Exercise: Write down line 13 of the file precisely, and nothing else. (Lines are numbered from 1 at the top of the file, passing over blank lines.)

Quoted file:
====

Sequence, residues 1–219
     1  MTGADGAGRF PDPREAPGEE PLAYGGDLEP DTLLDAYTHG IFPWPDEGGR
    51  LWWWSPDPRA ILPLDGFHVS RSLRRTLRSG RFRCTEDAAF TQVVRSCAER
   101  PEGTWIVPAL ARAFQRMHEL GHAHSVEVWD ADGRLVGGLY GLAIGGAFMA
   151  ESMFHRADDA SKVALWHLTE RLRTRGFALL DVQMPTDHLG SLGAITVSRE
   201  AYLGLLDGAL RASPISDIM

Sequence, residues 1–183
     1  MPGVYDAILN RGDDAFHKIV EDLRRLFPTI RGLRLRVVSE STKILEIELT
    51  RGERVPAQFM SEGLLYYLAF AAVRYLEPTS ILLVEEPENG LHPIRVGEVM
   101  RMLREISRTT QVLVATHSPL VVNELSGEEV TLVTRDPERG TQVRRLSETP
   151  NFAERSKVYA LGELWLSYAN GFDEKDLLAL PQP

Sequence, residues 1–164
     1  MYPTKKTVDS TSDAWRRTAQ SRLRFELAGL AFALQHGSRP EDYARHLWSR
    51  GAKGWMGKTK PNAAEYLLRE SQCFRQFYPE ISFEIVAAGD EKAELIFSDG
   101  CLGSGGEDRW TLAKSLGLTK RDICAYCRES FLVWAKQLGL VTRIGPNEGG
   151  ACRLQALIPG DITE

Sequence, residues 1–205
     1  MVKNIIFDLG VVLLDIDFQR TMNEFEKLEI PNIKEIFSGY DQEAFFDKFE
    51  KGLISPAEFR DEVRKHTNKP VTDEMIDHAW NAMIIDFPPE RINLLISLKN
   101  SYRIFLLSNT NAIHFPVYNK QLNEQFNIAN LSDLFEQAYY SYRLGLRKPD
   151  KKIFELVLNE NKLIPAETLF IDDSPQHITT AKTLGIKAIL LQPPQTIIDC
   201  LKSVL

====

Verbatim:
     1  MYPTKKTVDS TSDAWRRTAQ SRLRFELAGL AFALQHGSRP EDYARHLWSR